• Determine score cut-off
score function cont18
Score Function, cont.

2. Determine score cut-off

  • Follow-up units above score cut-off
score function cont19
Score Function, cont.
  • Score-function (Latouche and Berthelot 1992)
  • Establish threshold based on ASB
  • Follow-up k-th unit if
score function cont20
Score Function, cont.

Absolute standard bias

Cut-off

0

Number of recontacts

weight adjustment cont
Weight Adjustment, cont.
  • Select sample s:Design weights
  • Portion of sampled units that respond:
  • Portion of sampled units that does not respond:
adjusting for nonresponse
Adjusting for nonresponse
  • Two options
    • Weight adjustment:
      • Inverse of response probability
      • Use of auxiliary data
    • Imputation:
      • Impute for missing values to get a full data matrix
weight adjustment
Weight Adjustment
  • Used to reduce bias due to non-response
  • Depends on the probability to respond
  • Assumes independent of variable of interest, y
    • Ignorable non-response
    • Respondents behave same as non-respondents
weight adjustment cont24
Weight Adjustment, cont.
  • If known, then adjustment is
  • Unbiased estimator is
  • However, not known
    • Use estimates of : may be biased
    • If are ‘good’, then estimates are approximately unbiased
weight adjustment cont25
Weight Adjustment, cont.
  • Let true response mechanism be

and

  • If assume missing at random:
  • Bias for estimated total:
weight adjustment cont26
Weight Adjustment, cont.
  • How to estimate (approximate) ?
  • Auxiliary variables
    • Logistic regression
    • Auxiliary data (discrete, continuous)
weight adjustment cont27
Weight Adjustment, cont.
  • Logistic regression
    • Define indicator response variable
    • Probability that unit k responds
    • Equivalent to:
weight adjustment cont28
Weight Adjustment, cont.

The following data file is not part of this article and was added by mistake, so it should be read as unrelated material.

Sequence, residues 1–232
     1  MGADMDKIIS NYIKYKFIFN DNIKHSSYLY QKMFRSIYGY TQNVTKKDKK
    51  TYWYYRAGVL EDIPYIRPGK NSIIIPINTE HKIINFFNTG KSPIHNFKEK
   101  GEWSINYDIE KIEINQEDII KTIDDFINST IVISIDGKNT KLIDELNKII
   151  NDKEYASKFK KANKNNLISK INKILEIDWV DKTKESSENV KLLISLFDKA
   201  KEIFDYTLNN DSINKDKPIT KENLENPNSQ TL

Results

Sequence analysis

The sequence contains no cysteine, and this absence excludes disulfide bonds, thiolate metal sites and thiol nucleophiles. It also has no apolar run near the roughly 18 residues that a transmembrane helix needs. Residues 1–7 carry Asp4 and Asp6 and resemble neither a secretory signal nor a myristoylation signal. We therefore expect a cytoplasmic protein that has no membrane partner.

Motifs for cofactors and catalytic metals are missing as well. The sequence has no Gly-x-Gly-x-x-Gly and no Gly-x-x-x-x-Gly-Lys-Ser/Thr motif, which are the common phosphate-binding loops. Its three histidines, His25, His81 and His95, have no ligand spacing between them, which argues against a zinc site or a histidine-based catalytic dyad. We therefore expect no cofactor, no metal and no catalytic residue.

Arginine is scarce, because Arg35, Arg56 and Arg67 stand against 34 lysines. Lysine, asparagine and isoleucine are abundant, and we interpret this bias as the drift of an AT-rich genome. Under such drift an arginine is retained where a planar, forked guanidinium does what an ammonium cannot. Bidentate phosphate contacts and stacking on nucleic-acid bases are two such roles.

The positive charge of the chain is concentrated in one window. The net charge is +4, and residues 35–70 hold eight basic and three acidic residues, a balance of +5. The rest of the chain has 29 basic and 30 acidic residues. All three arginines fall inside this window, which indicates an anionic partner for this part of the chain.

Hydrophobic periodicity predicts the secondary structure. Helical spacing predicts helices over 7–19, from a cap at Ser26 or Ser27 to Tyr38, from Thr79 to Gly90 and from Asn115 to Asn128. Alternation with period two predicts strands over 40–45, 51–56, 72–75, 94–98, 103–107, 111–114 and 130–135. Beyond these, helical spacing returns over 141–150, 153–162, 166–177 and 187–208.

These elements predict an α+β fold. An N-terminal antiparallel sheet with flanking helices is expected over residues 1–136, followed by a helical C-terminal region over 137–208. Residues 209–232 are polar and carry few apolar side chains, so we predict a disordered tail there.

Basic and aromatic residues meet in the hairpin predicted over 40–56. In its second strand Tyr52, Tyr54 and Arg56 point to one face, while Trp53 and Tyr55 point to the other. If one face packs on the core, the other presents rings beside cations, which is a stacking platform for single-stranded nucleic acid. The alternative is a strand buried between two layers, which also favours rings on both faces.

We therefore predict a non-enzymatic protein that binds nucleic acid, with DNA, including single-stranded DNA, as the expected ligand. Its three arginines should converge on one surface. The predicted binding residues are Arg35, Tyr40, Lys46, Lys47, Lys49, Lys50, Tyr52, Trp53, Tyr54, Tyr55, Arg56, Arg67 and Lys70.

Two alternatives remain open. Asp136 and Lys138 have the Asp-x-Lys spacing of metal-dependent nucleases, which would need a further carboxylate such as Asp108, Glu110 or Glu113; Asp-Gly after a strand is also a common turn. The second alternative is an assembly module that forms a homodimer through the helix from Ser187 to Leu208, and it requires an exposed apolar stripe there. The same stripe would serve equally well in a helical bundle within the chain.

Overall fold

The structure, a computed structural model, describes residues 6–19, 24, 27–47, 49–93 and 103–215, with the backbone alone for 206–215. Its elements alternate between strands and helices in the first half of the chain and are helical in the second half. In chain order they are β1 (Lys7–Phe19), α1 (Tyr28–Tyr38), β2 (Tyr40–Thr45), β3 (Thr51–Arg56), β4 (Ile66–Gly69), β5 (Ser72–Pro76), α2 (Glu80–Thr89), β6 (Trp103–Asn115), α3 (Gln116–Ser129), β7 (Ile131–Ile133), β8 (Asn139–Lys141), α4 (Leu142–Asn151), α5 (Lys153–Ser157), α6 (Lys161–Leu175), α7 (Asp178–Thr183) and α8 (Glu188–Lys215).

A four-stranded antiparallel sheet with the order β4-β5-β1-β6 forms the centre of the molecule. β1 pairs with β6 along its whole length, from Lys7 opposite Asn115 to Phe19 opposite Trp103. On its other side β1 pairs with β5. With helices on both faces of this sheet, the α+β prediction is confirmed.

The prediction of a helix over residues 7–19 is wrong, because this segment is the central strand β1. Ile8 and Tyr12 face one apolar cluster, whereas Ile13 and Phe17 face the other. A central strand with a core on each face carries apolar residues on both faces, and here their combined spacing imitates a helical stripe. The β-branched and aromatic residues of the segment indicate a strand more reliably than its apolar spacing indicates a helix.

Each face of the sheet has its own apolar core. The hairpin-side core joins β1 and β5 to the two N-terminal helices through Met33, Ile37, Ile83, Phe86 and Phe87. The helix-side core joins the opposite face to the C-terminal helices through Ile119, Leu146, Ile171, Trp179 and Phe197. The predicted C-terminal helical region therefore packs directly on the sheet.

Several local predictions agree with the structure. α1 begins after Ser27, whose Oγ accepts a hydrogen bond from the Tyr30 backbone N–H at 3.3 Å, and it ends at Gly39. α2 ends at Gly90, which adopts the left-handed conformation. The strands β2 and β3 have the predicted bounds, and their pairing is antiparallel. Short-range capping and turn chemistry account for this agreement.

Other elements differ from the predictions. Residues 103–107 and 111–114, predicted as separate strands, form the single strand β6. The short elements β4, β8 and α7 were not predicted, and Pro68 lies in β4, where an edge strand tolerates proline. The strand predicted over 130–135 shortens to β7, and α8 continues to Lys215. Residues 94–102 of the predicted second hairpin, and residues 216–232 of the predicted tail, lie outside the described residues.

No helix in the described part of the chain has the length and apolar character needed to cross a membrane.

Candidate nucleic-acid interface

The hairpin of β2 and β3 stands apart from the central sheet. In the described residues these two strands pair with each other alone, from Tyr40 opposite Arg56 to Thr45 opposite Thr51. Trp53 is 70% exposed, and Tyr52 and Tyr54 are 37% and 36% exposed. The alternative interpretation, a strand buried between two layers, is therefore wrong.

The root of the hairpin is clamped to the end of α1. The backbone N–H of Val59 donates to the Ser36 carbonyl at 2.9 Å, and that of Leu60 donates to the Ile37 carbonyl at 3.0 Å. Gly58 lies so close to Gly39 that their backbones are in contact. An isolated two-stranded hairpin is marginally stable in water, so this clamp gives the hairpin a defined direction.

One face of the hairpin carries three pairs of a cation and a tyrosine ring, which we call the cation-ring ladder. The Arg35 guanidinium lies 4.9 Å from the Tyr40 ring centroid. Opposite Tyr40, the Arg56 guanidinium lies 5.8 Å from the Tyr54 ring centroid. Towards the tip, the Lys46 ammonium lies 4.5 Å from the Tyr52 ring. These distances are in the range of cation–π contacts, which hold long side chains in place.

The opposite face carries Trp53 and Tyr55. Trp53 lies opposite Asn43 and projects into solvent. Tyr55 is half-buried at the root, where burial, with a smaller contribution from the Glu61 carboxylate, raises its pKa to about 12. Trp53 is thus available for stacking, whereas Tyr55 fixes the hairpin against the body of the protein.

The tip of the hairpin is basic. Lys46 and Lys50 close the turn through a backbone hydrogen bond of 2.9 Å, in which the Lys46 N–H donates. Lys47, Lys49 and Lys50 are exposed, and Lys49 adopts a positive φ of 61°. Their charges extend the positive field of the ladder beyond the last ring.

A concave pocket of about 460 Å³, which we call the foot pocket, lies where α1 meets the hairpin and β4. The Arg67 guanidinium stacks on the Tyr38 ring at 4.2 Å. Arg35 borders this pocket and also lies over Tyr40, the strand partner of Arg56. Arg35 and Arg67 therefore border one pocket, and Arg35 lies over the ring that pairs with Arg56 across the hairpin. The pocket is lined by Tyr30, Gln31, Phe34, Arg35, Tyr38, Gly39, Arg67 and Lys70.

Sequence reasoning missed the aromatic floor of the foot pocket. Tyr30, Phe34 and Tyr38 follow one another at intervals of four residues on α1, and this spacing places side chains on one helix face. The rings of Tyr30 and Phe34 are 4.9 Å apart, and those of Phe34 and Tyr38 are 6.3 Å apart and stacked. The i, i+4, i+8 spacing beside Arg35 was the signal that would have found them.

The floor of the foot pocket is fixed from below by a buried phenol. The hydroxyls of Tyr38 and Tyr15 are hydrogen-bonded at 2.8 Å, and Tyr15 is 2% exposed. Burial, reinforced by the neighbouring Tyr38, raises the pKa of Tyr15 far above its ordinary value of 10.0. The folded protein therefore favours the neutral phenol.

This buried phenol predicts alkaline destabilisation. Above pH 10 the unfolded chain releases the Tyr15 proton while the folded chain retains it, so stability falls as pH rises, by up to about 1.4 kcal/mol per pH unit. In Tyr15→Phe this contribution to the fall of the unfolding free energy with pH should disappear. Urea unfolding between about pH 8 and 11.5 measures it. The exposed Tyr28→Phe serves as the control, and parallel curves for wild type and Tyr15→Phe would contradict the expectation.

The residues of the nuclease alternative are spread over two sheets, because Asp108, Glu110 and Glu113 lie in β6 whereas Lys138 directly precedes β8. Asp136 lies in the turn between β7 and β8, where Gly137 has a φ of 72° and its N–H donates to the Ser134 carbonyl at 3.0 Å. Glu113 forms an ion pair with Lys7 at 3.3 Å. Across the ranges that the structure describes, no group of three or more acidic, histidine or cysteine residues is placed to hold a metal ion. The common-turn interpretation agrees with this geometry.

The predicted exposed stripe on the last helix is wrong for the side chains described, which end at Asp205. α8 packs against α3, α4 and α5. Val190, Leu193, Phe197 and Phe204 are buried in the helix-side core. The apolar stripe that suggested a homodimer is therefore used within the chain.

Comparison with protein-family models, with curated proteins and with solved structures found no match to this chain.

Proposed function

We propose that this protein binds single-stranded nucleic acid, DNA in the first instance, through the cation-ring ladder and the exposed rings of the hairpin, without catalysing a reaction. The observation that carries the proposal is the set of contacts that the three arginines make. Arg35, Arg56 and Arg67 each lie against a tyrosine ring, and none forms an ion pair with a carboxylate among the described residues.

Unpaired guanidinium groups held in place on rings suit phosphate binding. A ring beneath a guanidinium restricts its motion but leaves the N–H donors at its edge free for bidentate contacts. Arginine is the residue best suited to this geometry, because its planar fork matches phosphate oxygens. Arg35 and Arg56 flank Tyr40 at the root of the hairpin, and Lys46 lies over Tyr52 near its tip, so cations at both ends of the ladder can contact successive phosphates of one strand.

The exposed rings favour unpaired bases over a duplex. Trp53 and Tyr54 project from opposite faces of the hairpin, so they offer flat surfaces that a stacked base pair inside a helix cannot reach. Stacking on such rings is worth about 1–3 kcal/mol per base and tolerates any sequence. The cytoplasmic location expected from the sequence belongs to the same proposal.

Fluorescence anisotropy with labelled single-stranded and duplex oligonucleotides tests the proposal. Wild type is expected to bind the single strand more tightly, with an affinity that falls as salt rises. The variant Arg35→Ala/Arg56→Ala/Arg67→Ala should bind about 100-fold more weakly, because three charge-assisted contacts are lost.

• Logistic regression
    • Solve
    • Response probability adjusted weight
    • Reweighed estimator:
weight adjustment cont29
Weight Adjustment, cont.
  • Example: Logistic regression
  • 127 sampled businesses
  • 71 businesses respond
  • Same : 0.56
weight adjustment cont30
Weight Adjustment, cont.
  • Example Logistic regression
weight adjustment cont31
Weight Adjustment, cont.
  • Example: Logistic regression

127 sampled businesses

55 businesses respond

Same : 0.43

weight adjustment cont32
Weight Adjustment, cont.
  • Discrete (Count Adjustment)
    • Assume that and for all i and j
      • That is, everyone has the same probability of response and the probability of response is independent between individuals (Uniform Response Mechanism)
    • Estimate of is
weight adjustment cont33
Weight Adjustment, cont.
  • Discrete (Count Adjustment)
    • Non-response adjustment is
    • Non-response adjusted estimator is
weight adjustment cont34
Weight Adjustment, cont.
  • Continuous (Auxiliary Data)
    • Suppose we have auxiliary data xi and the known population total X
    • Estimate by either
    • Under a Uniform Response Mechanism (URM), and provide approximately unbiased estimates
weight adjustment cont35
Weight Adjustment, cont.
  • Continuous (Auxiliary Data)
    • Note that leads to a two-phase estimator and to the well known ratio estimator
    • calibrates to the known total X
weight adjustment cont36
Weight Adjustment, cont.
  • Continuous (Auxiliary Data)
    • If we have marginal totals for 2 auxiliary variables, X and Z, one can use raking
weight adjustment cont37
Weight Adjustment, cont.
  • Continuous (Auxiliary Data)
    • Raking assumes that and
    • Raking is an iterative procedure